Connecting the Administration Building to the wards fanning out. Historical photos show cots lining this hallway when the hospital was severely overcrowded. Lit by lightning outside the grounds during a huge thunderstorm.
My first night on Minneapolis’ Lighthouse–now an old picture and distant memory… I still remember the exhilaration and the view of the city off one edge of the roof and the Mississippi River over the other.
Heavy wood doors for keeping people in.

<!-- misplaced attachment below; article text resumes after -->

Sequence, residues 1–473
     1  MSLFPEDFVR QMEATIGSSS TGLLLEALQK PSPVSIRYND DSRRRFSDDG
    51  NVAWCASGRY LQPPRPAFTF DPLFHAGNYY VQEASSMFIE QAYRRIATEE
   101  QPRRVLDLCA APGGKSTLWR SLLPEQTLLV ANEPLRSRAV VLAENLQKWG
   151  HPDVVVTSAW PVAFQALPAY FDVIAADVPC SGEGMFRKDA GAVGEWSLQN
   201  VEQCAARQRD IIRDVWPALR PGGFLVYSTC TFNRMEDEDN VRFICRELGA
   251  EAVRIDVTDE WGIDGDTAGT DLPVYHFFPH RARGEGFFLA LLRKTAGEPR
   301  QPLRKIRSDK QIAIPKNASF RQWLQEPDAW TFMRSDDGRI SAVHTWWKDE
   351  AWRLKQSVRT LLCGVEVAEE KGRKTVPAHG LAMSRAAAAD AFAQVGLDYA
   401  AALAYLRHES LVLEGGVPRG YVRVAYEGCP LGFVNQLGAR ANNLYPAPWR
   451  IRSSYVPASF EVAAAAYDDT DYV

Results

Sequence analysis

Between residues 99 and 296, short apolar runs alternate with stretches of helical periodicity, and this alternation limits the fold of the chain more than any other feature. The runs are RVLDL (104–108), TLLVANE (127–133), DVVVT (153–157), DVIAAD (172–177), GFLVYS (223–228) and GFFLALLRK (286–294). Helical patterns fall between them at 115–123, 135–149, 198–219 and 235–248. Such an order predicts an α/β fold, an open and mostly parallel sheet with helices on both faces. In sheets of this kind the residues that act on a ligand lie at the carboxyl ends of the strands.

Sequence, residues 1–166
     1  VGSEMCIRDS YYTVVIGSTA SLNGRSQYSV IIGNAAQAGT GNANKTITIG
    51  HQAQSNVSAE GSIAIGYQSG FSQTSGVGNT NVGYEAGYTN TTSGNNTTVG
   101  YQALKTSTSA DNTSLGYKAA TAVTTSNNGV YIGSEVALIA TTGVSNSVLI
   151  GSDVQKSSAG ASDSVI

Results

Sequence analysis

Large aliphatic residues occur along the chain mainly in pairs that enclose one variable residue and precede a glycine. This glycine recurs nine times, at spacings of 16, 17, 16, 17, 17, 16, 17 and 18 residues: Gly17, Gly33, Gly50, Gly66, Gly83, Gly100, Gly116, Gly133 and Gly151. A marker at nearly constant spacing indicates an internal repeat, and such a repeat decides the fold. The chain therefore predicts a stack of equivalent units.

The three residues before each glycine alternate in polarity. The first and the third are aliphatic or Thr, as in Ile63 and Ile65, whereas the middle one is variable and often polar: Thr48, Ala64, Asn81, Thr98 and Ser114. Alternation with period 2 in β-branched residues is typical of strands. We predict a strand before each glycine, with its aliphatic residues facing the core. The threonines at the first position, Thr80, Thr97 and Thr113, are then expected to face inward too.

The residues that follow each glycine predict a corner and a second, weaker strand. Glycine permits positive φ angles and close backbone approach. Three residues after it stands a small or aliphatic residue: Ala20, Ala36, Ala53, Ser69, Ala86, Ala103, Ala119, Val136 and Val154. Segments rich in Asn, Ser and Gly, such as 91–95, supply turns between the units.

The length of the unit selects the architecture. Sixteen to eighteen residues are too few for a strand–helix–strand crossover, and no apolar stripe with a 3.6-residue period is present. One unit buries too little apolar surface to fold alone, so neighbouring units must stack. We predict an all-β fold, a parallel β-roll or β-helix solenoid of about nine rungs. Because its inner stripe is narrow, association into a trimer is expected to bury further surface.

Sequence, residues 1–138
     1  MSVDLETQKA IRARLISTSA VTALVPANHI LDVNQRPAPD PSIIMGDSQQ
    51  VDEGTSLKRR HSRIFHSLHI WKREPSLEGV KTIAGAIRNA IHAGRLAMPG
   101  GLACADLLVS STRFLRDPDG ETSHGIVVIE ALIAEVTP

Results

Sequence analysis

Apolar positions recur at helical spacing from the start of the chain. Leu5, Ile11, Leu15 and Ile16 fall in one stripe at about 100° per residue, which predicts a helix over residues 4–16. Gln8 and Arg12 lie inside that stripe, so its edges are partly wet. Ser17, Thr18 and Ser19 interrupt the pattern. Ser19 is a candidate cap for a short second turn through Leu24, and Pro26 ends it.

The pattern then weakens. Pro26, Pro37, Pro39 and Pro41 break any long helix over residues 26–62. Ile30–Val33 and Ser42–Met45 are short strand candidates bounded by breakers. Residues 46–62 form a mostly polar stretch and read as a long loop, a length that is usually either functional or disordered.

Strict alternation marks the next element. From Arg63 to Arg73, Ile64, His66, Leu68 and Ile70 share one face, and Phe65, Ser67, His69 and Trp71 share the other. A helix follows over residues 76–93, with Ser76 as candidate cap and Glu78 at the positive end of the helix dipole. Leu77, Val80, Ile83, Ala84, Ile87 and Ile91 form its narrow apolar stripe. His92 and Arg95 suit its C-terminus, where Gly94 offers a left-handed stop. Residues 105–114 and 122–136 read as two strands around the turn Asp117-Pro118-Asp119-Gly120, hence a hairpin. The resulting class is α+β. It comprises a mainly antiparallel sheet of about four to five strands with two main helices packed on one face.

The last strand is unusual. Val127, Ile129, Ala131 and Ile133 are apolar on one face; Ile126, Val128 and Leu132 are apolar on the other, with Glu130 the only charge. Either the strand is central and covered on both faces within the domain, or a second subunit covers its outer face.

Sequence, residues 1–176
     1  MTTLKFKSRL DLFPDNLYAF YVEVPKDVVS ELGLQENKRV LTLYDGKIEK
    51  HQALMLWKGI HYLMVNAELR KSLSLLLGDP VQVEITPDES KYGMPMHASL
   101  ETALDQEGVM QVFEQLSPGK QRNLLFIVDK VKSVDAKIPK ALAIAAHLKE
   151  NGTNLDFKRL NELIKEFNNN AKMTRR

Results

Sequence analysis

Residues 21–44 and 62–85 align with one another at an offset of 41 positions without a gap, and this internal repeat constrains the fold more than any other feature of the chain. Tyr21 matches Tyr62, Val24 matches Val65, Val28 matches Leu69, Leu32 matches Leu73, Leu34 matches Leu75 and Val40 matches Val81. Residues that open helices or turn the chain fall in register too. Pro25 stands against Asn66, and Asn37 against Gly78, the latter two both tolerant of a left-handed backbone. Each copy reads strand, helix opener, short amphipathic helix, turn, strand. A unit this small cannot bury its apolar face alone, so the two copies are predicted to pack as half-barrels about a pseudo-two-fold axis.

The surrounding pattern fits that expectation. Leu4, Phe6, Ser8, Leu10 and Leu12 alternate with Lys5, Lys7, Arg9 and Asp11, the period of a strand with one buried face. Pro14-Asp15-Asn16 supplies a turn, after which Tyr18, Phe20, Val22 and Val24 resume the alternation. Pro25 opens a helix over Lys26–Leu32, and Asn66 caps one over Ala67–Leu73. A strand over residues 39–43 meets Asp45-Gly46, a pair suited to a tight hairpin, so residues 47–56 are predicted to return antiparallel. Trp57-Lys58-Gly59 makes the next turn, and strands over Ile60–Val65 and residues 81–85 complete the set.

The top floor of the nitrating house was full of switches and breakers for the operation below, each bearing a label and number. Nowadays everything is printed, but when INAAP was built, all these signs were painted by hand.
This section of the hospital recently collapsed.
Inside the Beulah elevator were all of the original notices and notices. These are instructions for filling rail cars with flour sacks.
The only way to get to the second floor–since demolition crews punched-out the staircases and ladders leading upwards–was to climb this elevator shaft. In the lower-left corner is a blower for the foundry furnaces.
This elevator was built in 1922 and was used until the passing rails were removed in the mid-1970s.
The most derelict of the old bonded warehouses. Note the barrel elevator on the side of it!